Archaeological legacies of slavery in the Caribbean
- Tuesday 7 February 2017
2333 CC Leiden
This symposium takes place on account of the PhD defence of Ryan Espersen.
13.30 Introduction by Prof. Dr. Corinne Hofman
13.50 Presentation by Prof. Dr. Douglas Armstrong
14.15 Presentation by Dr. Mark Hauser:
The environmental considerations of plantation slavery and sugar production.
This paper takes into account how variation in environmental and social conditions shaped the domestic economy of the enslaved. Little work has been done on the political ecology of sugar colonies in the Caribbean. Because the domestic economy of slave households was at the intersection of the environment, political economy, and culture, this research can potentially contribute to an understanding of the contemporary Caribbean and the challenges it faces.
15.15 Presentation by Dr. Jay Haviser
'Legacies of Syncretism and Cognition: African and European Religious and Aesthetic Expressions in the Caribbean.
15.35 Presentation by Dr. Hannes Schroeder
Before slavery: New evidence for an early African presence in the Americas.
History books suggest that the first Africans arrived in the Americas with the slave trade, which transported over 12 million Africans to the American colonies between the sixteenth and nineteenth centuries. However, there is increasing evidence to suggest that Africans may have arrived in the New World much earlier than previously thought. In this talk I discuss the evidence for an early African presence in the Americas, and more specifically the Caribbean, and discuss the implications of those findings for our understanding of the history of people of African descent in the Americas.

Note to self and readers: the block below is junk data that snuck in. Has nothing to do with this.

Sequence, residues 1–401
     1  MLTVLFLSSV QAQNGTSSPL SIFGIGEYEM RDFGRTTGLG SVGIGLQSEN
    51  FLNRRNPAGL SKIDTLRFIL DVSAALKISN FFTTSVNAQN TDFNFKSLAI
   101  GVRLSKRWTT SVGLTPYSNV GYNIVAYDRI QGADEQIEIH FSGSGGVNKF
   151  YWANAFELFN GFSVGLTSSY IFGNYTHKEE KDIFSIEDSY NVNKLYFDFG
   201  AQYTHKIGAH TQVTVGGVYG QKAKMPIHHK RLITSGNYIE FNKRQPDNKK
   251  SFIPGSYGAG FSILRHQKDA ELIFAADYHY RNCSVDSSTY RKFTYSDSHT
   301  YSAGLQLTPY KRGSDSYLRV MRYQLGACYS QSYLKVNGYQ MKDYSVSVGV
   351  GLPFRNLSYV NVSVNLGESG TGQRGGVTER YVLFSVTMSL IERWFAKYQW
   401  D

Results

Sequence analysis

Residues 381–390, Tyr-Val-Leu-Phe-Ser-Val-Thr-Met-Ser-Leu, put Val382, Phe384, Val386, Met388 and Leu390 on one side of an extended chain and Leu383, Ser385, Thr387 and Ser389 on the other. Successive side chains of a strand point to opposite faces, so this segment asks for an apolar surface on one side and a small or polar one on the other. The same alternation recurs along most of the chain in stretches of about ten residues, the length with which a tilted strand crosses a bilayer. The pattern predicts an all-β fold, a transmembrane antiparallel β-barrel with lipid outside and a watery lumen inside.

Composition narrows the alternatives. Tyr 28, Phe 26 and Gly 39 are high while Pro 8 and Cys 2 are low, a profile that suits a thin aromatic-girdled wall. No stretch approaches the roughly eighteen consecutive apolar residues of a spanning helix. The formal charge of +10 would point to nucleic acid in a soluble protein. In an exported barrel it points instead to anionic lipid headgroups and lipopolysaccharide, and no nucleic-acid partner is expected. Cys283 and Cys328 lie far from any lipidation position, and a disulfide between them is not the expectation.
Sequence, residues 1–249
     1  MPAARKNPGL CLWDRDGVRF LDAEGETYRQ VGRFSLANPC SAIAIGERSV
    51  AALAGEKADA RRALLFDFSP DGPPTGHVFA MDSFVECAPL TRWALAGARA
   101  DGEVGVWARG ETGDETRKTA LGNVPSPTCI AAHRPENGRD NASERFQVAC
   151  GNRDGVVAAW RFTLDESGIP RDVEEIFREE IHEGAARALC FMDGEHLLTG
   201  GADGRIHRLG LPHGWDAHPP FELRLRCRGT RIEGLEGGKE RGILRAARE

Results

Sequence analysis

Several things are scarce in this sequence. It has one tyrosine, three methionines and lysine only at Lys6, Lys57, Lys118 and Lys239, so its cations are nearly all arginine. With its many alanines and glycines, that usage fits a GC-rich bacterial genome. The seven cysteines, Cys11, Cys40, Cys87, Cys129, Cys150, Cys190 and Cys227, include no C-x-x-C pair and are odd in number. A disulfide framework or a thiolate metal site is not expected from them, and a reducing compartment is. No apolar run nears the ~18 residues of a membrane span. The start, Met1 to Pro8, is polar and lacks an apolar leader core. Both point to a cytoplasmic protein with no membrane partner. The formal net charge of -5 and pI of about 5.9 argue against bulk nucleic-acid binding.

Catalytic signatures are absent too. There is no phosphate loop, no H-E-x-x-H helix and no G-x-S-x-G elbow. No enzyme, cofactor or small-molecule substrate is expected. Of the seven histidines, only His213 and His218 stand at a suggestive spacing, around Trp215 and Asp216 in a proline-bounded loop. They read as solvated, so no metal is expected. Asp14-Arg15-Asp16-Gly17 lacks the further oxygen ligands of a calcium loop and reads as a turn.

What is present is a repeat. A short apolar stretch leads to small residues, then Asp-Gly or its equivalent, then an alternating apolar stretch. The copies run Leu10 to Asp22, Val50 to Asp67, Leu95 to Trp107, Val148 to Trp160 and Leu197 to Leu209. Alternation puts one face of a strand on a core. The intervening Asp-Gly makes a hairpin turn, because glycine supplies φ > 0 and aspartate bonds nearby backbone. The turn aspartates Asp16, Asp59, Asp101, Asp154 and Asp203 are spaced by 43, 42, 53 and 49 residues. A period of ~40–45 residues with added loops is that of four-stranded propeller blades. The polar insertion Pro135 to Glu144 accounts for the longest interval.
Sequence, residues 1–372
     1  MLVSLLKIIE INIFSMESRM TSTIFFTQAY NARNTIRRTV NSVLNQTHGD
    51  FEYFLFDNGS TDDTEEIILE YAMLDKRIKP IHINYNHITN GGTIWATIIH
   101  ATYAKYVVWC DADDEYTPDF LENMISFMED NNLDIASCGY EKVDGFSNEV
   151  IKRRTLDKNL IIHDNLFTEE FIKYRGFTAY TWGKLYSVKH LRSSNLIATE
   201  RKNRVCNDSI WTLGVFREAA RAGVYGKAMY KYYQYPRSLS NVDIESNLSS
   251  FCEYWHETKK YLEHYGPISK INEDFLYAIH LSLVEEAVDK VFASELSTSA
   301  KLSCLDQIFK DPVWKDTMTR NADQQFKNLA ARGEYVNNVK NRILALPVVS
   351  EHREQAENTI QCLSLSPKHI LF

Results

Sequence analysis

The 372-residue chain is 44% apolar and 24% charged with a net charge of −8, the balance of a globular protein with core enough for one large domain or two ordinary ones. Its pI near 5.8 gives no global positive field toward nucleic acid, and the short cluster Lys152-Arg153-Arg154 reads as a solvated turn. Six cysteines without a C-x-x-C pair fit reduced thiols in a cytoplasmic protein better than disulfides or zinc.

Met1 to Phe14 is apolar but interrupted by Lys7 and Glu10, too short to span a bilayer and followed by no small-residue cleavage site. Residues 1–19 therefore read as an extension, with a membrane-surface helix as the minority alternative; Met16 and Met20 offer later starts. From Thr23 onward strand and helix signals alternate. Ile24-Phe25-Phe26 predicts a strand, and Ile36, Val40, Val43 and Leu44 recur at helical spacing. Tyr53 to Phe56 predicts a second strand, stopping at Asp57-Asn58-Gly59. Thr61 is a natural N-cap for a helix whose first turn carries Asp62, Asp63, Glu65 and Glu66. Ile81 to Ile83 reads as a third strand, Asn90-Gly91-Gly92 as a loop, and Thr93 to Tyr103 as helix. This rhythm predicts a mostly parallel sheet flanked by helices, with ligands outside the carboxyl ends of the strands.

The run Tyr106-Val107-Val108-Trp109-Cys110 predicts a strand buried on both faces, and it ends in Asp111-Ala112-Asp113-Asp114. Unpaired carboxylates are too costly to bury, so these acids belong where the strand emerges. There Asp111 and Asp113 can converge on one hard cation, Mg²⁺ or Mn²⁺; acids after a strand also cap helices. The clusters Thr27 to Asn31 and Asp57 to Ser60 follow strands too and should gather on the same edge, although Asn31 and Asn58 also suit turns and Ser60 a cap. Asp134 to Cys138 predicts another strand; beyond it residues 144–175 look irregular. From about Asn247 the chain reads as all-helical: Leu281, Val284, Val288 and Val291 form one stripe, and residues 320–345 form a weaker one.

15.55 Presentation by Ryan Espersen:
"Better Than We": Landscapes and Materialities of Race, Class, and Gender in Pre-Emancipation Colonial Saba, Dutch Caribbean.
This research strives to reveal how ideologies of race, class, and gender manifested in the social, physical, and material landscapes of pre-emancipation colonial Saba, Dutch Caribbean. Race, class, and gender serve as facets and vectors for ideology. By viewing them as processes, their capacity to express such through their social and material environments inextricably tied to their particular temporal and spatial contexts.
Through comparisons of the social and material environments of multiple, contemporaneous social contexts within Saba, common social and material vectors among these ideological facets can become apparent. This work diverges from similar, previous research in that it undertakes a post-colonial approach to study the dialectics involved between locally-based, culturally-derived abstractions of class, race, and gender, and the materiality which resulted from these relationships. The social and geographic realities of Saba make such an approach feasible, and the social and material database derived from this research permits insights into a range of issues of concern to historical archaeologists. In particular, this concerns:
- How tensions between the “incomplete hegemony” of colonial authorities and plantation agriculture with Saban residents resulted in a dialectic between local landscapes, materiality, and ideologies of race, class, and gender.
- Differentiating between slavery, free poverty, and low class in the archaeological record.
- The dialectic between scale, locality, and perspective in defining and situating class and poverty.
17.00 Drinks at Het Keizertje (See here for location)